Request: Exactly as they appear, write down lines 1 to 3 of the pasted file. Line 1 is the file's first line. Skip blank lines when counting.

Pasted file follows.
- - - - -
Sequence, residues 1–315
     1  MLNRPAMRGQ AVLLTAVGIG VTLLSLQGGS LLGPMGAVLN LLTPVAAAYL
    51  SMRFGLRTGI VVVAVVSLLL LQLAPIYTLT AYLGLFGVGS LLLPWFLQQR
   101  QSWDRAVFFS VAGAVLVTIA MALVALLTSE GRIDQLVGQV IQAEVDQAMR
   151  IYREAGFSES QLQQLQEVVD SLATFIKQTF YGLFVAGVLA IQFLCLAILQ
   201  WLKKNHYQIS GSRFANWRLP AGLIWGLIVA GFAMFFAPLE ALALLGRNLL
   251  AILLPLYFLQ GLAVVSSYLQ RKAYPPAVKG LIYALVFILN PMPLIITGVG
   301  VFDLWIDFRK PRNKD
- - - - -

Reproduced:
Sequence, residues 1–315
     1  MLNRPAMRGQ AVLLTAVGIG VTLLSLQGGS LLGPMGAVLN LLTPVAAAYL
    51  SMRFGLRTGI VVVAVVSLLL LQLAPIYTLT AYLGLFGVGS LLLPWFLQQR